The first thing any connoisseur of SNES RPG's will notice a couple of minutes into Earthbound is that Earthbound does not look as good as most top tier SNES RPG's...at least, it's the first thing I noticed. The graphics are extremely simple and childlike, with simple designs and animations for the characters, and very stripped-down artwork for the game's world. However, some later areas are a bit more graphically complex, and the game never skimps on color. Also, considering Earthbound's themes, and the emotions it explores, this graphical design may be a considered choice.

Nine times out of ten, I consider monkeys.
Themes aren't often the first thing one thinks of in regard to video games. As I began Earthbound, it certainly wasn't on my mind. The aesthetics of the game and its basic structure were the first elements to reveal themselves, and those helped form my first impression. "Wait, you can't even see your attacks on enemies? The graphics look like this? The battle system is this simple?"
WARNING: The following paragraph is entitled "RPG's for Dummies." If you already know what an RPG is, skip it, unless you are a completionist, which, paradoxically, means you are probably already well-aware of what an RPG is. I just want to warn that the upcoming paragraph (and even the one after) is as dry as a Mississippi county.
An RPG is a game where the protagonist (in Earthbound, Ness) generally meets new characters who may join him as a party; the party members then get into generally turn-based battles with foes; when/if those enemies are defeated, the party members gain experience points; when the party members gain enough experience points, they reach a new level where their stats, such as offense, defense, and hit points(a number which is depleted when a character takes damage) and magic points (in Earthbound, called PSI, and used for magic-based moves) are increased--this is called leveling up, and may also result in the respective party members learning new magic-based moves (for attack, healing, protection, etc.).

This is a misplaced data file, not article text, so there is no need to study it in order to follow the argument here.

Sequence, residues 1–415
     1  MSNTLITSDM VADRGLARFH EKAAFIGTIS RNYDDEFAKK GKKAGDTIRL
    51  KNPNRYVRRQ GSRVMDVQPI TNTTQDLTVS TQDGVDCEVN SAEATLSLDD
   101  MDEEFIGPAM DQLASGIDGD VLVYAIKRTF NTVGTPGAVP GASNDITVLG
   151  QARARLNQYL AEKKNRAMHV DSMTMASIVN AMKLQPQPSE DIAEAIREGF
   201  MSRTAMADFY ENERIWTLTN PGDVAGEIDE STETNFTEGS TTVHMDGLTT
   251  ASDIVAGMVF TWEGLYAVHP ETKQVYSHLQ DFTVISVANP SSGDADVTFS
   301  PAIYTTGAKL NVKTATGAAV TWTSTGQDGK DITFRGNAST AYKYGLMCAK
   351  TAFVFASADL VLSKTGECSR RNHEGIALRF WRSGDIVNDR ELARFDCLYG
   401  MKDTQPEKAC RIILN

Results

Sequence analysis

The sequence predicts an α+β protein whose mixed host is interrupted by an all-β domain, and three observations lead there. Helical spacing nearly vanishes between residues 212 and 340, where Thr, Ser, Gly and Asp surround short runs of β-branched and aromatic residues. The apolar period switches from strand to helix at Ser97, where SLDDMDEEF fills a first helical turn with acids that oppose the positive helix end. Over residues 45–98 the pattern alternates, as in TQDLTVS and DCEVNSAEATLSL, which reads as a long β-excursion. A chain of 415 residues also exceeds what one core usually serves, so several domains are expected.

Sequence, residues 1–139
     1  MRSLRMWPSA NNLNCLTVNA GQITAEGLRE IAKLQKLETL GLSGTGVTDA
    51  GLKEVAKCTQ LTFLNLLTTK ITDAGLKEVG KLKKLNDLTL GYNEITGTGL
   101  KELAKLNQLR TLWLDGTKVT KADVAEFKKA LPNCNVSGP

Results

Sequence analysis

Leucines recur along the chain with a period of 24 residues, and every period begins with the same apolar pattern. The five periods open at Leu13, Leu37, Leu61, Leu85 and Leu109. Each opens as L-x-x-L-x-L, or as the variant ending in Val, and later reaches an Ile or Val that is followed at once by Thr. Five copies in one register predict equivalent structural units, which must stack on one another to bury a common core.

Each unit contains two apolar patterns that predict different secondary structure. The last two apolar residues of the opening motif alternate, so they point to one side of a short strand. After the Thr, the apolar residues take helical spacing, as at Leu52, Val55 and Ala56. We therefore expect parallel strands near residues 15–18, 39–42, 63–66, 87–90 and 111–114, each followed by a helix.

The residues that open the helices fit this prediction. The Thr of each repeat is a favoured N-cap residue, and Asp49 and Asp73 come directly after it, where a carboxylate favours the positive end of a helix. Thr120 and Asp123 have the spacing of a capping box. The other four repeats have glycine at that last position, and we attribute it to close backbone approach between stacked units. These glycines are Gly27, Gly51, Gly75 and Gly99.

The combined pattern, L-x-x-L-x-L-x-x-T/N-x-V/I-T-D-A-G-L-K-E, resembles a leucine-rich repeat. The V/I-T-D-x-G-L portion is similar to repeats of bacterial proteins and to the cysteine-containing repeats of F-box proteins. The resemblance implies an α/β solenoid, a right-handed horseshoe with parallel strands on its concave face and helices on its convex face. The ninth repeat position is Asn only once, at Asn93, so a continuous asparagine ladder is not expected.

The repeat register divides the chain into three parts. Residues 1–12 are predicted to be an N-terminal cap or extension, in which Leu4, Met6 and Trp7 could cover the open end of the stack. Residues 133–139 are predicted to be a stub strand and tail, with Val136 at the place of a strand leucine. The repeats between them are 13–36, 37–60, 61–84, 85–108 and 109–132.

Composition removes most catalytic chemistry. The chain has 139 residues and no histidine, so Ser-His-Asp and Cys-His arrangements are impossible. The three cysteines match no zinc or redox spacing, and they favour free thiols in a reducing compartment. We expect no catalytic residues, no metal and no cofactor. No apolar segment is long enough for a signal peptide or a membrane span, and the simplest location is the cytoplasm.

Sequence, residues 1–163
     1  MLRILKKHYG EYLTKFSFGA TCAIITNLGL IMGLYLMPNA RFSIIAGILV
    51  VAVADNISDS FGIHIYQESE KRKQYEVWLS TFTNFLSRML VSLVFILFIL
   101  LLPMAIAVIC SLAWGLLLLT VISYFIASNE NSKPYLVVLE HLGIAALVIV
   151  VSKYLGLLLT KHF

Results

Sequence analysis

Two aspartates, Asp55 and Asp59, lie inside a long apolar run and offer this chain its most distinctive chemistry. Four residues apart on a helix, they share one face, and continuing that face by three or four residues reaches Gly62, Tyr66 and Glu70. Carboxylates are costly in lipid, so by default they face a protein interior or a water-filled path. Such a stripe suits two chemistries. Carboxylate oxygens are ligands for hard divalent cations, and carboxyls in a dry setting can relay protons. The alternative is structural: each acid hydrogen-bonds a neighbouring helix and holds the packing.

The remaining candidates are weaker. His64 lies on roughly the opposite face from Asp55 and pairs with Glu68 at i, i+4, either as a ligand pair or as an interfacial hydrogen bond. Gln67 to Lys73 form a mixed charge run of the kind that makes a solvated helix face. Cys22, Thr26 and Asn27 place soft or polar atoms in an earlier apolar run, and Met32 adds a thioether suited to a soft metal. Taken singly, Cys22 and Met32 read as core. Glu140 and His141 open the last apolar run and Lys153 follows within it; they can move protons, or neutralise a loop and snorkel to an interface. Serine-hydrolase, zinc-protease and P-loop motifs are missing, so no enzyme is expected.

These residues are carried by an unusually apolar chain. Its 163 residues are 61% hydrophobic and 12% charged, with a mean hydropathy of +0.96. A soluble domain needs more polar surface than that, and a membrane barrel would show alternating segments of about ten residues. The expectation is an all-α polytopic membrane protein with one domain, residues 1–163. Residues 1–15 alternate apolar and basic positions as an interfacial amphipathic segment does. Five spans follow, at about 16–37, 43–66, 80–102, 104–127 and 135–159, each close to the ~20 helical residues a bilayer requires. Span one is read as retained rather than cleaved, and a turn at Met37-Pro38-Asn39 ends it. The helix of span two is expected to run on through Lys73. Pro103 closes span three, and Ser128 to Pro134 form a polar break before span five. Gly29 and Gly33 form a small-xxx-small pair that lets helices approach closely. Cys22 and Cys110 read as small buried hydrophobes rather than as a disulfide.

That thing to their left is called a "building."
Earthbound doesn't do anything to shake up the basic RPG gameplay formula, though it does add its quirks to the system. For instance, Earthbound contains a rolling hit-point counter. This means that when a character is hit, instead of the damage coming off in one chunk (let's say 100 hit points), it rolls down over a short period of time. If the player can win the fight or heal the respective character before the hit-point counter rolls down to take account of the damage, the damage isn't fully done. This comes in extremely handy when a character should be fatally wounded by a powerful attack, but the player has to react quickly in order to counter the damage. Another innovation is how the player initiates battle with the enemy. While several other 16-bit RPG's allow the player to choose when they want to battle an enemy (as opposed to random battles, where fights begin without the player's consent, as they are attacked by a foe that was before-then invisible), Earthbound also allows the player a chance to get a jump on the enemy. If Ness and his crew can sneak up behind a foe, they get to attack first. However, if the enemy gets the jump on them, the bad guys get the pre-emptive strike. If the fight begins head-on, the first attacks are more simultaneous. This is a cool little wrinkle. Also cool: the trippy, swirly, ever-changing backgrounds behind every one of the game's fights. They're really cool. These elements certainly stand out, but even after experiencing them, I still did not understand Earthbound's enduring appeal. After all, there are even some gameplay elements handled poorly, like the game's clunky inventory system, an annoying hassle which actually had me dreading discovering new items and having to figure out where to put them.